Detroit — Incredibly, after all the yards and plays and misplays, it ended with deception, with a play you almost never see, in a drive you’d never expect. The Lions rolled up and down the field all game, pausing just long enough to turn the ball over. Somehow, they were veering toward pretender status — right up until Matthew Stafford made one pretend play and an amazing batch of real ones.
No fooling, but the Lions won a game that good teams win, and did it in all-time stunning fashion. The incomparable Calvin Johnson got them to the brink with a spectacular performance, and Stafford took them the final few inches.
About half the crowd of 64,379 at Ford Field had departed by the time the Lions pulled out a 31-30 victory over the Cowboys on Sunday, but they’ll probably talk about it forever. It was Johnson’s finest hour, capped by Stafford’s finest moment, when he faked a clock-killing spike and dove for a 1-yard touchdown with 12 seconds left.
The Lions seemingly had lost the game about eight different times, then staged a comeback that might have saved their season. If this was a referendum on their playoff status, and on Stafford’s star capability, consider it passed. It took several slings of the arm and one sleight of hand, but Stafford stamped a mark of authenticity.
“I looked down and we were that far,” Stafford said, indicating less than a yard from the end zone. “Shoot, I’m going to go get that. I was just making a play, man, just trying to help my team win. Sure am glad I got across.”
He smiled and laughed, and if the Lions’ fifth-year quarterback ever looked more relieved, I can’t remember when. This game was a perfect encapsulation of why the Lions can be half-maddening and half-fascinating. They desperately needed a win, and now they hit their bye week with a 5-3 record and legitimate playoff possibilities.
The numbers were staggering. Johnson had 329 yards receiving, second-highest in NFL history. Stafford completed 33 of 48 for 488 yards, outdueling famed counterpart Tony Romo, as the Lions posted a gigantic edge in total yards (623-268).
This was a game the Lions couldn’t lose, not with how easily they were moving the ball and how tough their defense was playing. But Stafford threw two interceptions, Johnson and Reggie Bush lost fumbles, and with barely a minute left, they were staring at a 30-24 deficit, 80 yards of open turf and no timeouts.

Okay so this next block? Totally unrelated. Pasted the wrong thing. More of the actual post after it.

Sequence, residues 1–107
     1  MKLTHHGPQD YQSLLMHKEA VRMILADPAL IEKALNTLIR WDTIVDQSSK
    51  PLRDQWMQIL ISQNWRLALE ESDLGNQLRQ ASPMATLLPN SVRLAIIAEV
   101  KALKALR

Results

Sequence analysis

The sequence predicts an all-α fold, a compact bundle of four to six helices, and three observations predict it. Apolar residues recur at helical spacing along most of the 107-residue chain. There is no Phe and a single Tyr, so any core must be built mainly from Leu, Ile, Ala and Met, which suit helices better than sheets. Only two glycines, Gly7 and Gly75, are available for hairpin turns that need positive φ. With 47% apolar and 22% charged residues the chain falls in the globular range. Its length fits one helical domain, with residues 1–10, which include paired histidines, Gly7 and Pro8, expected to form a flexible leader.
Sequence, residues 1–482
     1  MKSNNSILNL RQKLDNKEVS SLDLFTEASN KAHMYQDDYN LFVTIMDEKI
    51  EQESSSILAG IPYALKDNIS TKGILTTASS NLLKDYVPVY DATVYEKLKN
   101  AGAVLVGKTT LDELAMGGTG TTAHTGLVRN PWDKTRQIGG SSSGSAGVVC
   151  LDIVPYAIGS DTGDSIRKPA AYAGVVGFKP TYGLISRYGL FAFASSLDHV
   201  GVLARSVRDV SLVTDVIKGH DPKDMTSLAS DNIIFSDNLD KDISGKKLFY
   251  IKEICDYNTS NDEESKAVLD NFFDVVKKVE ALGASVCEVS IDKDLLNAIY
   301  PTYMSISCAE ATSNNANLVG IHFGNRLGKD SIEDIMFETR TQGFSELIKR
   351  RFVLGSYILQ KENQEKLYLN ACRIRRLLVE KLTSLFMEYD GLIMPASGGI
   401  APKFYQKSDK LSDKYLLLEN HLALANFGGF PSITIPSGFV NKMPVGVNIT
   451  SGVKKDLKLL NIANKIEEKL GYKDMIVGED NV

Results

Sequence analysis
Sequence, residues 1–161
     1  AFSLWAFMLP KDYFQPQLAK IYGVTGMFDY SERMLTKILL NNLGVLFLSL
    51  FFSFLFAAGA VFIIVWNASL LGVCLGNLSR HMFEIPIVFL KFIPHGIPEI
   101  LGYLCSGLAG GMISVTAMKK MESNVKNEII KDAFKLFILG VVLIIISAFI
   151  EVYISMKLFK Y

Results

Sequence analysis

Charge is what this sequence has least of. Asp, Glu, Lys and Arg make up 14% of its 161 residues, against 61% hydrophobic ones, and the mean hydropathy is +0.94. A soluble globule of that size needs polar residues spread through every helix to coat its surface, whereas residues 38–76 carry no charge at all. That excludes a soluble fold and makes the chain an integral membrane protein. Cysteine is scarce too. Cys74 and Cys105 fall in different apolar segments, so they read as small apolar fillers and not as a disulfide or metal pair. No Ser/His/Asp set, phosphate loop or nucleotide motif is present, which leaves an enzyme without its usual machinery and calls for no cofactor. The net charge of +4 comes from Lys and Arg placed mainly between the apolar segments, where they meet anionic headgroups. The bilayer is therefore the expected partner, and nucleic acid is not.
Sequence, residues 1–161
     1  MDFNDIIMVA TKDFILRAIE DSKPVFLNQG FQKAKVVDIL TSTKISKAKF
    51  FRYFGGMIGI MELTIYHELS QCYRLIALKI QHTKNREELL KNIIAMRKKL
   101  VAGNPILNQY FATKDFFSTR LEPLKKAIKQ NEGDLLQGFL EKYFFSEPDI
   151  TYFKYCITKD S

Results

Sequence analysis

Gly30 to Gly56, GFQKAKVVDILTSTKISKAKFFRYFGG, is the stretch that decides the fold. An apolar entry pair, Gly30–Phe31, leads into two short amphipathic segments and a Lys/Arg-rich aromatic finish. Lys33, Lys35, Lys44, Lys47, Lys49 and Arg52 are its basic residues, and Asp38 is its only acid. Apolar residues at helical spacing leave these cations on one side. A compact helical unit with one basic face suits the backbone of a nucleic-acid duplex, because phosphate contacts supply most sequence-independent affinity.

Stafford threw a 17-yard pass to Johnson, then a 40-yard strike to Kris Durham. That put the Lions at the Cowboys’ 23 with 33 seconds left, and suddenly something was possible. On the next play, Stafford lofted the ball to Johnson, who caught it in stride and bulled to the 1. The clock was running — 16, 15, 14 — and stopping it with a quick spike is what a quarterback does 99 percent of the time.
Stafford ran to the line, motioning wildly with his arm, calling for the spike. Everyone on the field, including his teammates, thought he’d heave the ball into the ground. But he saw an opening, the Cowboys weren’t set, and he went for it. Up Stafford went, poking the ball over the goal line, and he never even was knocked to the ground. He raced into the end zone in celebration and finally spiked the ball, not to stop the clock, but essentially to start the season.
His teammates called him crazy. His coach, Jim Schwartz, slyly talked about strategy. The Lions had just gone 80 yards in 50 seconds, and the only guy on the field who knew what was happening on the final play was Stafford.
“I kind of squatted and tried to protect him, and then I saw people scrambling and, man, that (stuff) was awesome,” center Dominic Raiola said. “He was the only one that knew. I had no idea. Even when he scored, I had no idea. That’s what I love about the guy — his toughness, his moxie.”
Long after the game, Raiola, Stafford and others were still trying to recount how a game could go so wrong, then end so right. The Lions needed all sorts of help just to get that final chance. The Cowboys could’ve drained most of the time but a holding penalty stopped the clock. They settled for a field goal and a 30-24 lead with 1:02 remaining, and the Lions had another chance.
You give Stafford and Johnson another chance, you deserve to lose. After all, the Lions had given tons of chances to the Cowboys — four turnovers to their zero — and Johnson’s record-setting effort was in danger of being squandered.
“Any time you got a minute, and you got our offense, we like the odds that we can go put that ball in the end zone,” Schwartz said. “I can’t imagine many people doing that other than Matt Stafford.”
The Lions showed faith with uncommon aggressiveness from the start. After Johnson raced 87 yards with a reception in the first quarter, they faced fourth down at the 2. That’s where a team needs to know its strength and use it, and Schwartz did. Stafford’s pass to Johnson gave the Lions a 7-0 lead, before everything started spinning madly.
With all the turnovers, the Lions trailed 27-17 with less than four minutes left. Bush scored from the 1 to tighten it up, but when the Lions failed on fourth down on their next possession, it looked like it was over, a devastating outcome they’d suffered many times before. Except this time, it wasn’t over.
“I’ve been part of some comeback wins before, and that stacks up in the top three,” Bush said. “(Stafford) has the heart of a lion. To keep battling through two interceptions, even when the stadium is clearing out and basically every odd is against us. I’ve never seen anything like that before in my life. And Calvin? He’s the greatest receiver in the history of the National Football League.”
It always starts with Johnson, but if it’s to end well, it’ll be led by Stafford. In a magical moment of deception, he pulled off something real, as real as we’ve seen in a long time.